CCI Arts, Science & Conservation Programme
‘[Art is not solely], a mirror to hold up to society, but a hammer with which to shape it.’ Bertold Brecht
All of our projects respond to the biodiversity challenges that our world currently faces and explore the role that culture and contemporary arts practice can play in inviting exchange, dialogue and debate around these critical issues.
Our residencies and projects aim to give artists both time and space to collaborate, through practice-based research, with transdisciplinary teams of conservationists and scientists based at the David Attenborough Building in Cambridge. Residencies are frequently experimental and interdisciplinary in nature, often resulting in a public programme which may include participatory installations, exhibitions and symposia.
All of these encounters and interventions invite audiences to creatively engage and reflect on how we can individually and collectively live sustainably with our planet. A selection of our projects can be seen here.
The arts and cultural practice are a powerful means of reawakening our sense of the familiar, connecting to the past, and exploring possible futures. They play a pivotal role in addressing environmental challenges and are a compelling route into understanding how people are connected to landscape.
Beatrice Forshall is an artist and print maker who specialises in dry point engraving. During her residency at CCI, Forshall worked alongside researchers, policy makers and specialist practitioners from across the CCI partnership. Her work focused on a series of species that are threatened by global trade, ranging from the iconic Black Rhino Diceros bicornis, at risk because of trade in horn, to Sunda Pangolin Manis javanica, and on to far less well known species, such as the Tanzanian Whip Scorpion Damon variegatus which is widely collected for the pet trade.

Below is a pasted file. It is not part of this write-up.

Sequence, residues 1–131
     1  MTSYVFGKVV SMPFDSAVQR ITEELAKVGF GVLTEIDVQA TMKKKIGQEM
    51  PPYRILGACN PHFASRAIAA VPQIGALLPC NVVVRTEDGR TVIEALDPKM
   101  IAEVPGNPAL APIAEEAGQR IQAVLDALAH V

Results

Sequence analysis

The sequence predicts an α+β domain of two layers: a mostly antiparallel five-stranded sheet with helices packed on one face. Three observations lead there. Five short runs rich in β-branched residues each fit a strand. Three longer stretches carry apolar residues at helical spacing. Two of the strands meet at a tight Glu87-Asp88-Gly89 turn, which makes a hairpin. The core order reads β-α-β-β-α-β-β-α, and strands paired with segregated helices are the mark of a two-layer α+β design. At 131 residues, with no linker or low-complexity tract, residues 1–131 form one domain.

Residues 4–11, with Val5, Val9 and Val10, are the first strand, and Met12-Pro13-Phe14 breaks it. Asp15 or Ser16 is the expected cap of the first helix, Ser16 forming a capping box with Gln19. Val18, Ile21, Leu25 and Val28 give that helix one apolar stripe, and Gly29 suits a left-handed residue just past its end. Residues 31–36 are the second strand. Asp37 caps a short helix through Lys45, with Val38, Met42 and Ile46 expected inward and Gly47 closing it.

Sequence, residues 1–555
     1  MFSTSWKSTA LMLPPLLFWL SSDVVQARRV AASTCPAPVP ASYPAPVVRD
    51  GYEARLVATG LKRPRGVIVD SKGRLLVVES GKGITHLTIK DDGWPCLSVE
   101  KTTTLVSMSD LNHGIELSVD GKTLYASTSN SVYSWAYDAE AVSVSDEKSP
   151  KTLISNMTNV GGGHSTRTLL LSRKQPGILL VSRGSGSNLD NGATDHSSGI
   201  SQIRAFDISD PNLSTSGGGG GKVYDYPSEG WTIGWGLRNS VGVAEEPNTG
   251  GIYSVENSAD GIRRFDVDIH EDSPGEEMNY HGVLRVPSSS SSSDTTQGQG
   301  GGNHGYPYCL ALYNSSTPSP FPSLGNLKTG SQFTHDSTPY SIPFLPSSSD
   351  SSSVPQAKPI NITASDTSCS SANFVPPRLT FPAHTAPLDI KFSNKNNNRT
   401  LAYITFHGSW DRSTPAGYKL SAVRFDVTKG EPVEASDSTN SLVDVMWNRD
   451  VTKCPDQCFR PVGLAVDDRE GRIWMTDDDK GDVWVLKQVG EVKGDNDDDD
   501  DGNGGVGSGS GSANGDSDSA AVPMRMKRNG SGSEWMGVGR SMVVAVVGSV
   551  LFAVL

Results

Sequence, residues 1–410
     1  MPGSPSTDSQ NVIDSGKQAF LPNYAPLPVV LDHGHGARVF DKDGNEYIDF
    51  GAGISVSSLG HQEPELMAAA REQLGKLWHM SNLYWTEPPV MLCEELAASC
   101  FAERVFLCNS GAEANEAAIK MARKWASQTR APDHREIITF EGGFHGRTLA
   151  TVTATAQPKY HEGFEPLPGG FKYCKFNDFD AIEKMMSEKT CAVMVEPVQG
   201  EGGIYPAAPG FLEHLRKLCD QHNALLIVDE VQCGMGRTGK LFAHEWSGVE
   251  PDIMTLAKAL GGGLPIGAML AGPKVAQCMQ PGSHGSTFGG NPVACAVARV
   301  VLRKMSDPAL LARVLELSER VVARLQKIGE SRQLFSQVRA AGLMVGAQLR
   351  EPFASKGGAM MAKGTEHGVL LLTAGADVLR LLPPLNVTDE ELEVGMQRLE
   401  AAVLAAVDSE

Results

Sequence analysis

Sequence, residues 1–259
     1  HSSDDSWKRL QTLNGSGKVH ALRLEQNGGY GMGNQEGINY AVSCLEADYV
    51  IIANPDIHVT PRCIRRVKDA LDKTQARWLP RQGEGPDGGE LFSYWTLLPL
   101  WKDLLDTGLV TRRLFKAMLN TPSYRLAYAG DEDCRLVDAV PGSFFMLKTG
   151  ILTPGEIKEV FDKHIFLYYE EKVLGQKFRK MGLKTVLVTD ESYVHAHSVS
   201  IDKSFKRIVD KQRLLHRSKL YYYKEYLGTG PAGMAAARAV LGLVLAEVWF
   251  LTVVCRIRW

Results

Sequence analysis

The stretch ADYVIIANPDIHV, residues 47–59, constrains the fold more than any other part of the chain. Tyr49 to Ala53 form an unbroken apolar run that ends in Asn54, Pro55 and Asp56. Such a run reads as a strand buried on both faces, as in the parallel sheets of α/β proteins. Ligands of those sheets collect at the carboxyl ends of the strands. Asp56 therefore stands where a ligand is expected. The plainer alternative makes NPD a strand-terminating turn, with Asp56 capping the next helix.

The writing is on the wall. Yet the text is printed very faintly. Members of the public and conservationists connected with the David Attenborough Building were invited, one at a time, to make their mark by over-writing with indelible pen the name of one of the species, drawing attention to it, and bringing it to visibility.
As part of a residency at the David Attenborough Building, Zoë Svendsen, Dramaturg and Artistic Director of METIS, transformed CCI’s Artist’s Studio into THE FACTORY OF THE FUTURE (WE KNOW NOT WHAT WE MAY BE) – an installation for storytelling, interaction and experimentation that explores challenges surrounding a transformative future.
In 2020 we were delighted to welcome poet and conservationist, Matt Howard, as an artist-in residence. In collaboration with John Fanshawe and organisations within CCI, Matt developed Lines of Migration – a poetry translation project that aims to bring together poets and poems, both contemporary and from the past, that engage with nature and place.
A collaboration between artist, zoologist and author Jonathan Kingdon, the Arts, Science and Conservation Programme at CCI, and the Museum of Zoology, Evolution as Inspiration explored a lifetime of observations in nature.
As part of the development of the David Attenborough Building itself, Ackroyd and Harvey were awarded a major public art commission in response to the redevelopment of this iconic brutalist building. It is publicly accessible at all times.
Rebecca Jewell, Sarah Gillespie, and Esther Tyson are exploring the threat of severe environmental change on the status and diversity of UK species, focusing on seaweeds, moths, and farmland birds. The exhibition will showcase works and research that has been developed during their artist residencies with the Cambridge Conservation Initiative (CCI).
CCI’s Arts, Science and Conservation Programme is delighted to be collaborating with the University of Cambridge’s Museum of Zoology again this summer on Breaking Point – a ceramics exhibition inspired by the natural world.
A unique exhibition, explore the inventive ways artists in the 18th and 19th centuries recorded fleeting moments in nature, capturing the effects of light, drama, and atmosphere first-hand in the open air.
The RSPB, BirdLife International and the Cambridge Conservation Initiative working in collaboration with Poetry Magazine The Rialto.
2019 conference on the plight, poetry and science of the Atlantic salmon, inspired by Ted Hughes’s example, and borrowing the words he put into the mouth of the usually speechless salmon smolt, organised with Mark Wormald, Pembroke College and the Salmon & Trout Conservation NGO.